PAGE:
In the previous chapters, the concept of an * event* appeared a few times. Intuitively, in each specific context, it is pretty clear what this means. The requirement for the universality of information representation in the AGI system requires the universalization of the way of representing and operating with events.

Without giving a formal definition, we note that an event occurs at a particular * moment in time*; this distinguishes an event from a

*: the process has a certain*

**process***, and the*

**extent in time***corresponds to a*

**event***. Accordingly, events are naturally ordered in time.*

**time point**An event is essentially a signal that the situation has changed significantly, and the system must somehow react to this. For example, the temperature has reached the value at which it is required to turn on the air conditioner, two objects collided, a new object appears in the field of view, etc.

The current system situation is represented by an internal description that contains a set of attributes of two types: quantitative (temperature, coordinate, speed) and logical (on/off, observable/unobservable). Therefore, a universal internal representation of an event is a * logical function* with an arbitrary number of arguments, including quantitative and logical parameters. Note that we are talking about the

*concept of a function; in code, this can be done in many ways.*

**mathematical**Such a function is constructed from operations on numbers and logical values (Boolean or three-valued logic values). The presence of numeric variables obviously requires comparison operators that produce a logical value. The * event happens when this function changes its value*. The time intervals between events of the corresponding type are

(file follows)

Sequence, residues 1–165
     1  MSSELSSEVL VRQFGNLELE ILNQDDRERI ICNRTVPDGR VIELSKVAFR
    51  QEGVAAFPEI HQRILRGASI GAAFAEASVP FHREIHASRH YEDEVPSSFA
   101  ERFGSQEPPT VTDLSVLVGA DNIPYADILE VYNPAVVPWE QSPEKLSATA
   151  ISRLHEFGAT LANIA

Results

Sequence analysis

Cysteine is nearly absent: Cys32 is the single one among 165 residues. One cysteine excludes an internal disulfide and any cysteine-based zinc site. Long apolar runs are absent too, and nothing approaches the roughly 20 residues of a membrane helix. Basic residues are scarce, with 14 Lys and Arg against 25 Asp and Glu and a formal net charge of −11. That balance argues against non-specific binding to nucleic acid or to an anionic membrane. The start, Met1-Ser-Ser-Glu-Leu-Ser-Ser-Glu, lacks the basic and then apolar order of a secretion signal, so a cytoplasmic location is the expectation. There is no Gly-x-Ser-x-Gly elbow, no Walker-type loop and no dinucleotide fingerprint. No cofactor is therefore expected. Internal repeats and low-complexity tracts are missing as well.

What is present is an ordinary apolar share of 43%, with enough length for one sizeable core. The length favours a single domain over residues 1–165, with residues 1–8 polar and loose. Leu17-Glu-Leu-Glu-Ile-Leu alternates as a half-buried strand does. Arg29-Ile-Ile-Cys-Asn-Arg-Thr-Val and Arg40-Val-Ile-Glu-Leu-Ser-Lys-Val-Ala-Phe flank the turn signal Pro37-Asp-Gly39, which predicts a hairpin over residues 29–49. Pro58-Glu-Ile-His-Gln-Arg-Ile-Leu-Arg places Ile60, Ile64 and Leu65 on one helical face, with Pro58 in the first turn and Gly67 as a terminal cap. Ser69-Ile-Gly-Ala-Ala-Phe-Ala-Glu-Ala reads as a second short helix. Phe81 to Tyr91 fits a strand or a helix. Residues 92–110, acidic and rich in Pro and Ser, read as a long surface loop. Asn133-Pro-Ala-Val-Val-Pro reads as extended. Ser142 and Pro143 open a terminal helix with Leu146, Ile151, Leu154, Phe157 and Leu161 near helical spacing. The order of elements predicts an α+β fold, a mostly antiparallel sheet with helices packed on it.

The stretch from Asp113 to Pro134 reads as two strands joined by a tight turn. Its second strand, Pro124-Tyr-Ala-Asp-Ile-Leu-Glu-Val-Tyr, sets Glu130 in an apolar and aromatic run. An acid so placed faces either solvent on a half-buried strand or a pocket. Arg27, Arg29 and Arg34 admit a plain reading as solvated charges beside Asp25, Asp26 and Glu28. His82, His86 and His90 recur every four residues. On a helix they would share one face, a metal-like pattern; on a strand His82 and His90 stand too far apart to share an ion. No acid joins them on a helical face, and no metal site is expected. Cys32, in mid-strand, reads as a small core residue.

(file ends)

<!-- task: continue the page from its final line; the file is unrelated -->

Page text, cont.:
*of the value of the function that serves as a detector of events of this type. Detection is reduced to calculating the value of the function and comparing the current value with the previous one. The current value of the event detector function can naturally be considered a logical attribute of the situation description that can change at any moment. Accordingly, there is always some*

**intervals of constancy***in detecting an event, and the amount of delay is determined by the*

**delay***of checks.*

**frequency**In a continuum environment, the situation` description may include functions that predict changes in the quantitative attributes of the situation description. Each new data from sensors makes it possible to update the values of quantitative attributes, update the function of forecasting attribute changes over time, and determine * how much the actual value differs from the predictio*n. A difference that exceeds a certain threshold signals a significant change in the situation and can serve as a detector of the corresponding event. At its core, this detector catches the

**moment when smooth attribute changes are interrupted.**So the event detector is another place where something inside an intelligent system is represented as a function. Other cases are invariant functions that describe cause-and-effect relationships, object detection, and predicting changes in quantitative attributes.

Since the AGI system must be able to detect objects * unknown* to it, and the presence of an object implies the

*related to it, the*

**existence of events***.*

**construction of event detection functions during the operation of an intelligent system becomes inevitable**